We all learn about intimate partner violence. We learn about the signs to look for in our patients. We ask screening questions at triage. But what happens when the patient is one of us, as healthcare professionals. What happens when we know too much. What happens when we are the one enduring abuse. This post shared anonymously with us is POWERFUL.
The first time it happened, I wore a wrist brace to cover the bruises and blamed it on carpal tunnel from anatomy lab. The second, I blamed on rope burns from my dog’s leash. When my arm and multiple ribs were broken, I crafted a story with a mechanism that I knew matched my injuries. Medical school has taught me the foundations for becoming a doctor. Anatomy, patterns of injury and illness, patient interview skills, and red flags for abuse. These very same learned skills allowed me to become an expert at successfully hiding the thing that tormented me and that I was most ashamed of for over two years.
The first time it happened, I wore a wrist brace to cover the bruises and blamed it on carpal tunnel from anatomy lab. The second, I blamed on rope burns from my dog’s leash. When my arm and multiple ribs were broken, I crafted a story with a mechanism that I knew matched my injuries. Medical school has taught me the foundations for becoming a doctor. Anatomy, patterns of injury and illness, patient interview skills, and red flags for abuse. These very same learned skills allowed me to become an expert at successfully hiding the thing that tormented me and I was most ashamed of for over two years.
During those two years, I spent multiple nights in the emergency department at my home institution. My abuser accompanied me each time and was never asked to leave the room during a physician interview. The triage nurses, who always knew my face and name, selected no on the domestic abuse screening questions without asking. I would basically provide my own HPI to the resident physician and was even quizzed on the type of arm fracture I had by the consulting surgeon. Each time I thought “this time someone will question me,” but it never happened. And why would it? I was medical student everyone knew and I would surely report anything that had happened.
I never thought I would write my story, because to be totally honest, I still carry some amount of shame from it. Today I write my story for three reasons:
I know there are other physicians and students who are hiding their abuse with the same knowledge and techniques that I did. You’re not alone, there is a way out, and your colleagues are here to help you.
I want to encourage physicians to pay more attention to cases of potential abuse, even if the patient is your star medical student, a resident, or attending.
Women who hide their abuse aren’t stupid or weak, they are afraid. The judgement I know happens in the privacy of the glass box has to stop.
As much as we fail to acknowledge it, female physicians and students are not immune to intimate partner violence (IPV). Good studies don’t exist on the prevalence of IPV in the physician community because it’s not something we talk about. I can’t help but believe some of our casual denial of the issue is due to knowledge these women have to expertly hide their own abuse. But why do they hide the abuse when they know they could get help? As a future physician, I’ve always thought I was expected to have my life perfectly together and portray myself as a “strong woman” in order to be successful. Being abused by my male partner didn’t fit that narrative, so the logical choice to me was to hide it. Each woman has their own reason for hiding it, but it always stems in fear. Fear of the unknown, fear of worsening abuse, fear of destroying the outward appearance that took so long to build.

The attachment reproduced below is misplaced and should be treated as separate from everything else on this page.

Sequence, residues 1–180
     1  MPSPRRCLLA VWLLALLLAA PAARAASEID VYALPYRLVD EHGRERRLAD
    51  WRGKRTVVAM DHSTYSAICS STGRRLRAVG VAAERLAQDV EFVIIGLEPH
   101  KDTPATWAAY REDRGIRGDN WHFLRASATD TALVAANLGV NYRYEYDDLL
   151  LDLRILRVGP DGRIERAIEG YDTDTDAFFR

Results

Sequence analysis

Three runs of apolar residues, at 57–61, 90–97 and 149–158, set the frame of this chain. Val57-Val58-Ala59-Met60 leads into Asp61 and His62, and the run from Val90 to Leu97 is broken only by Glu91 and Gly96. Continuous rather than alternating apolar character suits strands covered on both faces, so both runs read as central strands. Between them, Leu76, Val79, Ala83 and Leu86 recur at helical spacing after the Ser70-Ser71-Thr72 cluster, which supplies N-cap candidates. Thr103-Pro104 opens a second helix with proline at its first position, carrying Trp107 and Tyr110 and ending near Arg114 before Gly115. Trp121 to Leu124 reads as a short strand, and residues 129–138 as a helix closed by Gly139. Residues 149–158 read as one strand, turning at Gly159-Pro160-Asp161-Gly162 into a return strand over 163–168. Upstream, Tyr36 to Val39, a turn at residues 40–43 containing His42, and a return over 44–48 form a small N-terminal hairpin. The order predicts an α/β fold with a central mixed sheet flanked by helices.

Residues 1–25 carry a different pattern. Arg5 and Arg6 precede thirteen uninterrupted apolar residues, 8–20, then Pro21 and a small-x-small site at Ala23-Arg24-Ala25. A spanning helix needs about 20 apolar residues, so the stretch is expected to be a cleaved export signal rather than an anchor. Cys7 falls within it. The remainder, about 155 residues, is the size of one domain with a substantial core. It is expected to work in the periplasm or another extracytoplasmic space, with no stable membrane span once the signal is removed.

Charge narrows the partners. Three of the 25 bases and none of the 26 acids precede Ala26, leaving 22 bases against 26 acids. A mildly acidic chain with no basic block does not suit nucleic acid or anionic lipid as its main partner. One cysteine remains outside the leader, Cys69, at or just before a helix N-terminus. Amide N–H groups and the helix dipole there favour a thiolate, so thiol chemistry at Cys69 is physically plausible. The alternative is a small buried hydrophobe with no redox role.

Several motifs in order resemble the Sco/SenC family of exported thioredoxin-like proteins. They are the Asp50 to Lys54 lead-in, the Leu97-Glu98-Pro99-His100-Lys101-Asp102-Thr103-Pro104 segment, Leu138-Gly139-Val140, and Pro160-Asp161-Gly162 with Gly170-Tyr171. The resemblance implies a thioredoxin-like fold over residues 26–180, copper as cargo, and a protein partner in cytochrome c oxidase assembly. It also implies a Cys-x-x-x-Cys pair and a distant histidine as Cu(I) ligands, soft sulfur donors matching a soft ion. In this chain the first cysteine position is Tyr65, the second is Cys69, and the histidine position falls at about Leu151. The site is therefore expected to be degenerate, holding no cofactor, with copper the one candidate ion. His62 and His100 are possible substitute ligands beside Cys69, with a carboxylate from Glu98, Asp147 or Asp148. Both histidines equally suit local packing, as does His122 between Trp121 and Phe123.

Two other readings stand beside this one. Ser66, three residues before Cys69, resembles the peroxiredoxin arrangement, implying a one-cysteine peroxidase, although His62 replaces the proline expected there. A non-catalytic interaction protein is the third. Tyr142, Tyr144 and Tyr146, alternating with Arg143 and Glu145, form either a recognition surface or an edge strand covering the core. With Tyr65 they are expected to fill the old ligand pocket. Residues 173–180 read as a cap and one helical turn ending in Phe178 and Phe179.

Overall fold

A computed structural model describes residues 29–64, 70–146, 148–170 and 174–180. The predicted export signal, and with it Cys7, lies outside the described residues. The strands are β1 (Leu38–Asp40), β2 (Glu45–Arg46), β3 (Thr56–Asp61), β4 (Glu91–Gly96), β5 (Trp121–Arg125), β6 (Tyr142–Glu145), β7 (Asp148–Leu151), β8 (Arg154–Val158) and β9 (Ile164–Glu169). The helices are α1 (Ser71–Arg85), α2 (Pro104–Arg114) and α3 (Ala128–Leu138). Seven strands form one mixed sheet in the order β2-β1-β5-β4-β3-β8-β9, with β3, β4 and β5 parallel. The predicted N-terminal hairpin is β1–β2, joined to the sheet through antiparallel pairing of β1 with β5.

I myself have been guilty of judging women who hide their IPV. It’s so easy to question “Why doesn’t she get help? Why doesn’t she leave?” Now knowing the answers to these questions myself, I realize there is no place for asking these victim blaming questions either directly to the patient or in conversation with your colleagues. What these women need, what I needed, was for someone to provide resources, someone to reassure that being abused doesn’t make you a bad student or a future physician, someone to make the tough call to separate the abuser from the room. I encourage you to be that person to any woman experiencing IPV instead of pulling the “you can help those who won’t help themselves ” card that we love to keep in our pocket. Even it makes you uncomfortable, even if the patient is someone you know..don’t stand there and judge, do something.
Strangely enough, one good thing came out of this pandemic for me. I was finally separated from my abuser for long enough that I had an out. His fear of me bringing home COVID-19 from the hospital and infecting him is what saved me. I don't believe everything happens for a reason, but those two years will forever shape who I am as a future physician and is already impacting the way I treat patients and my colleagues now. Now, without fail, I will ask every single one of my patients about safety in their relationships and not assume it's already been asked. I will screen every single patient I see for domestic abuse, even if the patient is my resident or my old lab partner. I will never again question a woman’s motives for hiding her obvious abuse. I will support my colleagues and recognize that IPV is something that affects women in medicine too. I encourage you to hear my story and do the same.